Public hearings begin September 14th into the actions of the RCMP during the Asia Pacific Economic Cooperation (APEC) Conference at the University of British Columbia in 1997. The hearing was ordered by the RCMP Public Complaints Commissions (PCC), an independent civilian oversight body.
Yet those complaining against the RCMP, many of them students arrested or pepper-sprayed during peaceful protests, have not yet heard whether the federal government will fund their legal counsel. Without legal counsel, complainants will be at a disadvantage and the fairness of the hearings may be in serious jeopardy.
The B.C. Civil Liberties Association wants an immediate response from the federal government to the PCC’s July 31 letter to the federal government requesting funding for complainants’ legal counsel.
Initially, the PCC declined to request funding for complainants despite the fact that the RCMP, individual RCMP members and government witnesses all have publicly funded legal counsel. In a review of this decision, the Federal Court held that the reasons given by the PCC for declining to request funding from the federal government had no legal basis:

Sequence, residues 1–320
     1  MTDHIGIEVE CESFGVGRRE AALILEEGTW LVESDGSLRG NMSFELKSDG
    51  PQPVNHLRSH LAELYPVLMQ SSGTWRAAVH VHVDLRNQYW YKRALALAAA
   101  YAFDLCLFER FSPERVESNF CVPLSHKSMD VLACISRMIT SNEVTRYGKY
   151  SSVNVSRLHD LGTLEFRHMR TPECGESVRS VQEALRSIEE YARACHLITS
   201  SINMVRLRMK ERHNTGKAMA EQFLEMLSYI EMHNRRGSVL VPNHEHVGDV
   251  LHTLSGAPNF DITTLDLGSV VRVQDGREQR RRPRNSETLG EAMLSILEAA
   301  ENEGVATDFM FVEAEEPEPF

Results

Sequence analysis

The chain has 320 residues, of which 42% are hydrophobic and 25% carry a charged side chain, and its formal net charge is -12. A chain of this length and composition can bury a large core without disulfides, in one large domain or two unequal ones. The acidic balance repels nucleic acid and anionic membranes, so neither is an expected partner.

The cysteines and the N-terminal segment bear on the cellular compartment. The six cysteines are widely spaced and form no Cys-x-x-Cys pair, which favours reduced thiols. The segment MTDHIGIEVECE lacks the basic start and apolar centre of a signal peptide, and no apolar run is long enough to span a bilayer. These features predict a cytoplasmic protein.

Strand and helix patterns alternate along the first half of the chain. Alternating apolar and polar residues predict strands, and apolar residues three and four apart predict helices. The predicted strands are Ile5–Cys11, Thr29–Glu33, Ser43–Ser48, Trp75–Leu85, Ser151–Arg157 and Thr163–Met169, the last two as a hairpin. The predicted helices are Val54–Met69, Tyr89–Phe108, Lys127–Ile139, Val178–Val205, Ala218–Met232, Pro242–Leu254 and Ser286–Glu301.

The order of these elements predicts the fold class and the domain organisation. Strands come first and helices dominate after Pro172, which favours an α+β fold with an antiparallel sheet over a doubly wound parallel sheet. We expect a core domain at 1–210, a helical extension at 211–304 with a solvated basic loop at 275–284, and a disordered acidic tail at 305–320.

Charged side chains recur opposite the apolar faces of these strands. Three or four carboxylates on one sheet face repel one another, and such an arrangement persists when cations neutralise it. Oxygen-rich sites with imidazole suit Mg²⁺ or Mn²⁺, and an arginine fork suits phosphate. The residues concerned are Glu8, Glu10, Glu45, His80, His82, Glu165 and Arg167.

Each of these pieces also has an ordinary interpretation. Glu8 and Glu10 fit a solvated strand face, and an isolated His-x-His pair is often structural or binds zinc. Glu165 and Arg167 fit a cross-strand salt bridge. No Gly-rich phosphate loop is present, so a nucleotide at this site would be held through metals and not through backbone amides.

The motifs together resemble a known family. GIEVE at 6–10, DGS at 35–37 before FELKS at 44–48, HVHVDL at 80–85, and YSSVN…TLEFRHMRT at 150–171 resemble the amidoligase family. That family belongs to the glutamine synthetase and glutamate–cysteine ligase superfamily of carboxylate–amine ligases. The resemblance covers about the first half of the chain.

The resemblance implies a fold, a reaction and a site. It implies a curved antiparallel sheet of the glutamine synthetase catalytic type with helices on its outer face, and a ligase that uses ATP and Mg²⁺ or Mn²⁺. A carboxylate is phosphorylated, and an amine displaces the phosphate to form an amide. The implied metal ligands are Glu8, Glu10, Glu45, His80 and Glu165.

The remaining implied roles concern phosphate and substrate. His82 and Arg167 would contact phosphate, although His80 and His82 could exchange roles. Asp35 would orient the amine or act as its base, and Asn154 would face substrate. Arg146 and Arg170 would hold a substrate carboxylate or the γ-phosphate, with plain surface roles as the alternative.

There is considerable support for the proposition, however, that without state funded legal representation the complainants/applicants will be at a great disadvantage—there will not be a level playing field.
The Federal Court also recognized the PCC’s legal obligation to ensure that all parties have ample opportunity to present evidence, cross-examine witnesses and to make representations. However, the PCC requested funding only for “complainants who were directly involved in confrontation with RCMP members” (since their credibility or reputation may be attacked).
The BCCLA will be represented by legal counsel from the B.C. Public Interest Advocacy Centre for the duration of the hearing. Regrettably, the PCC did not request funding for BCCLA counsel. We have made a direct request to the federal government for this funding.
It is anticipated that the hearing will canvass such allegations as:
- the RCMP used excessive force against APEC protesters
- the RCMP illegally restricted the expression rights of APEC protesters
- the RCMP allowed itself to be used for purely political purposes.